Ukraine:  Knocking down the Lenin statues

The fighting has more or less died down between the right wing Ukrainian government forces and the militias of the Luhansk and Donetsk regions which have been resisting Kiev’s control. Ukrainian President Petro Poroshenko agreed to a deal which supposedly will allow legislative elections to go ahead while also promising extensive autonomy to the dissident provinces in the East. Moscow and Kiev are now negotiating the basis on which Ukraine can, before the winter starts, be assured of Russian coal and gas supplies. Ukraine’s economy is, at present, a disaster, and facing winter without being able to heat homes and buildings is something that Poroshenko has to avoid at all costs.

But for people in Ukraine, and not only in the East, who don’t agree with the right wing policies of Kiev, the situation is still ominous.  The Communist Party of Ukraine is still banned from participating in the national legislature, or RADA, even though it has quite a few elected representatives there.  Members of the Communist Party and others seen as not supporting the right are still being subjected to violence and death threats by ultra-right wing hooligans.

And it is almost certain that communists, and perhaps others on the center and left, will not be allowed to run in the elections. This is the goal of the Kiev government’s current “lustration” campaign, by which whole political groups would be prohibited from holding government jobs. The lustration law may turn out to be unconstitutional, but it is a safe bet that the government will find another way to achieve the same objective. It is ironic that “lustration” in Europe is a practice designed to keep Nazis and fascists from controlling government institutions; now it is being used by Ukrainian neo-Nazis and fascists to purge the anti-fascists, including of course communists.  

The most extreme right wing activists do not approve of the peace deal with the East and are threatening to march on Kiev to oust Poroshenko and his colleagues.

Meanwhile, these bravos have declared war on statues of Lenin all over the country.  Lenin statues and monuments have been removed or destroyed in many communities.  On  Sept. 28, over the objections of the city’s mayor, a right wing mob tore down one of the tallest Lenin statues, in the city of Kharkiv.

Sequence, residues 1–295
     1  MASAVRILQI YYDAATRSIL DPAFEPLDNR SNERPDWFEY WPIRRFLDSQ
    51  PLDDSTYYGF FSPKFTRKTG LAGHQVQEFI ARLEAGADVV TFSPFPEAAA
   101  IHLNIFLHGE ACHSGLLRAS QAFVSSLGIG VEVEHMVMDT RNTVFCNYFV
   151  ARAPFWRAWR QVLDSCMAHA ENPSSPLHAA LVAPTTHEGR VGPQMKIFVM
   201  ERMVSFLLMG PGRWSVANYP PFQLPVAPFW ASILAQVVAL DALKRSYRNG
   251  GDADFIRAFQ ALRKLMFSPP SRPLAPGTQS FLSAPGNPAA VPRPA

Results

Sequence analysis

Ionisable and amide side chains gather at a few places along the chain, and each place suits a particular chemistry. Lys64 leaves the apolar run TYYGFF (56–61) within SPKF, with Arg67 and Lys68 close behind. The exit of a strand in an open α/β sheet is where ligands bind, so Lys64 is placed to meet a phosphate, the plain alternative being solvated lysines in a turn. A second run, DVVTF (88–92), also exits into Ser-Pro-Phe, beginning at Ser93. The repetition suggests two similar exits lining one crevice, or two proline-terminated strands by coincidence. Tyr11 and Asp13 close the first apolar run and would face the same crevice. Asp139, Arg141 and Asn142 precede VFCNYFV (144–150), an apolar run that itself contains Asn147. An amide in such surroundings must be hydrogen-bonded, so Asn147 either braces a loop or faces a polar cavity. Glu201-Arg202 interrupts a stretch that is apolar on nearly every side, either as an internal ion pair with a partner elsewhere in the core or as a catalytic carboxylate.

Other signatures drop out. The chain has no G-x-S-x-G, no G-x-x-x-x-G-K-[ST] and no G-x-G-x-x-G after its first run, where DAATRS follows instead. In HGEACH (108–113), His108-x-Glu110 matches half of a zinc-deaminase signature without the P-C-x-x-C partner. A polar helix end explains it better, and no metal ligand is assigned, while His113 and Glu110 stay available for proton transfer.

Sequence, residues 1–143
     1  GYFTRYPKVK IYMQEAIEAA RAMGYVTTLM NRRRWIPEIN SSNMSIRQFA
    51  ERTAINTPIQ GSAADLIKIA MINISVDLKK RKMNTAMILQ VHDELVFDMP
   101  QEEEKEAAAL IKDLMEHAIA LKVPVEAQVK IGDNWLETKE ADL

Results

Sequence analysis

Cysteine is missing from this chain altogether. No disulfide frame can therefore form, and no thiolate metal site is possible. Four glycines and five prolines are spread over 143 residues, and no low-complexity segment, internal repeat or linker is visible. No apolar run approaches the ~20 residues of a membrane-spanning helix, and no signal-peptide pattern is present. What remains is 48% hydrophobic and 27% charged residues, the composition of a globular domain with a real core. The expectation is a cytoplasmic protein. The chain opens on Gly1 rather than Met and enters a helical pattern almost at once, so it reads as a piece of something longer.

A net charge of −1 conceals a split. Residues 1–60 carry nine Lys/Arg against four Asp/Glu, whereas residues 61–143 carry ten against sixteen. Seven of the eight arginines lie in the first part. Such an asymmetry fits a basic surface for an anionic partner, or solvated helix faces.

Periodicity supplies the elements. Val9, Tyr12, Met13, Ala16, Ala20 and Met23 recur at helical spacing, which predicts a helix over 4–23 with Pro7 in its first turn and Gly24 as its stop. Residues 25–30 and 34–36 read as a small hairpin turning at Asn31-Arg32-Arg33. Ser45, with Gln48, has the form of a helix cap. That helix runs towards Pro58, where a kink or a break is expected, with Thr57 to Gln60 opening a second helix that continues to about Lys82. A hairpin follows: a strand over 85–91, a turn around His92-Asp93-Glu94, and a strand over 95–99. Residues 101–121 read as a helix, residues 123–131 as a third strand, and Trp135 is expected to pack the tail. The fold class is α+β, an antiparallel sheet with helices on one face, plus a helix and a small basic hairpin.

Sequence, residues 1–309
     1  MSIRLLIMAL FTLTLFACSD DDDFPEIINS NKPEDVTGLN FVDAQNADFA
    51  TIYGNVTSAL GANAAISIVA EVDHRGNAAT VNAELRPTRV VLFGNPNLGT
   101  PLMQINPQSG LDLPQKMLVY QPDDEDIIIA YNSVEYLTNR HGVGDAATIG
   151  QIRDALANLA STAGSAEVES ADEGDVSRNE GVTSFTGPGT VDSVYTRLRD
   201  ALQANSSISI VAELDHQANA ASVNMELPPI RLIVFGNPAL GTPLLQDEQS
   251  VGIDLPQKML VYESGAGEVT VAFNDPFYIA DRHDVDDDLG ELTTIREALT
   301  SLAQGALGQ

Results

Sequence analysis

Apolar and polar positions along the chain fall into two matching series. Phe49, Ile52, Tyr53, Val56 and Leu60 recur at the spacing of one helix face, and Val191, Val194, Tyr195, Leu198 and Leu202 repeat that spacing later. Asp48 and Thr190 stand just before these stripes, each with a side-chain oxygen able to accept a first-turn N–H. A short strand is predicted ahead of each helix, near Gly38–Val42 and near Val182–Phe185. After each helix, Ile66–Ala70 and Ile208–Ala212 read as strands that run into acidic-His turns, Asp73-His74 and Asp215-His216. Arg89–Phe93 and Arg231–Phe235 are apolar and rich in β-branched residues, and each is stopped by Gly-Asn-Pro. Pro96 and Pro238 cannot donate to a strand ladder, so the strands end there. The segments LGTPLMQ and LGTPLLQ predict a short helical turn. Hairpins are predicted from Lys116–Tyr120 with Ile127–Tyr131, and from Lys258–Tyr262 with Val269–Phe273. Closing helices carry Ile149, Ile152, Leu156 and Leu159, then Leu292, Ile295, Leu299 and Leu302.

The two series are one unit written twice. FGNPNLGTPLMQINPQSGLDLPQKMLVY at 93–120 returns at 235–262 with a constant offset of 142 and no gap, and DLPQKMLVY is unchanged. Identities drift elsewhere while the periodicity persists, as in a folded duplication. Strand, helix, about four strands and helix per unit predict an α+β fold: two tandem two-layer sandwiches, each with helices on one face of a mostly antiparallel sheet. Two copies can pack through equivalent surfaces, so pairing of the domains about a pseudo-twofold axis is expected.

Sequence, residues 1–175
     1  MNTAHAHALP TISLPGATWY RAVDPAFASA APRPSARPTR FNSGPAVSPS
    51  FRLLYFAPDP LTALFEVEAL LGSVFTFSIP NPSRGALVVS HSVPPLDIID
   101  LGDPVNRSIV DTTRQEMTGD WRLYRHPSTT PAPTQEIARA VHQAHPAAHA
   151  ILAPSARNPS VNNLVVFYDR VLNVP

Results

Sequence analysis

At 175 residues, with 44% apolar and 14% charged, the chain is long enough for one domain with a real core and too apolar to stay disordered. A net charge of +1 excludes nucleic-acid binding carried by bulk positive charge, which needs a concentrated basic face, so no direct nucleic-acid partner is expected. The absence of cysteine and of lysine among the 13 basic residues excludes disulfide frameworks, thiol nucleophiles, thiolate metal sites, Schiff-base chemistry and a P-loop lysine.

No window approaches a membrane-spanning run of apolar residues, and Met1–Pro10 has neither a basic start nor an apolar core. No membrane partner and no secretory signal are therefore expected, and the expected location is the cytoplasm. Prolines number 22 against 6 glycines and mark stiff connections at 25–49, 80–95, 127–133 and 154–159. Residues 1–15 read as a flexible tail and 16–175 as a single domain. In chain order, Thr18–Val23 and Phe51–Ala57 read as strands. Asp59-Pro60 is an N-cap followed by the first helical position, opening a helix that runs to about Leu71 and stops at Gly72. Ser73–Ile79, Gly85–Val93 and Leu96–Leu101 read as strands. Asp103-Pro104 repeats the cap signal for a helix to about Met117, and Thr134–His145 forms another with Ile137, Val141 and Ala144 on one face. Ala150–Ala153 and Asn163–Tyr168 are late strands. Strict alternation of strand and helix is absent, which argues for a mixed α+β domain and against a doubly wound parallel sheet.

Why did the vandals attack the Lenin statues? Perhaps because Lenin was Russian and a communist? Ironically, Lenin was particularly friendly to the idea of Ukrainian autonomy within the U.S.S.R. and opposed to heavy handed rule over minority nations by the Russian center. His government encouraged a flowering of Ukrainian language and culture (“Ukrainianization”).  As a symbol of that, in 1918, when he surely had a lot of other issues to deal with, Lenin had ordered the construction of a statue of Ukraine’s most beloved literary figure, Taras Schevchenko, in St. Petersburg (then Petrograd, later Leningrad, now St.Petersburg again). There are other status of him in Moscow and elsewhere. 

Lenin died in January 1924 after a series of strokes left him unable to participate politically for many months. The encouragement of Ukrainian national culture and language was not curtailed until Stalin came into full power.  

Lenin had some Jewish ancestry and was a firm enemy of anti-Semitism; possibly the anti-Semitism of the Ukrainian ultra-right could have played a role.

But most probably the destruction of the Lenin statues is meant by ultra right Ukrainian nationalists as a warning to their more left-leaning opponents not to put their heads above the parapet in the future, lest they meet the same fate as the statues-decapitation! 

The mayor of Kharkiv promised to restore the statue.

Photo: Protester smashes satue of Lenin after it was knocked down.


CONTRIBUTOR

Emile Schepers
Emile Schepers

Emile Schepers is a veteran civil and immigrant rights activist. Emile Schepers was born in South Africa and has a doctorate in cultural anthropology from Northwestern University. He has worked as a researcher and activist in urban, working-class communities in Chicago since 1966. He is active in the struggle for immigrant rights, in solidarity with the Cuban Revolution and a number of other issues. He now writes from Northern Virginia.

 

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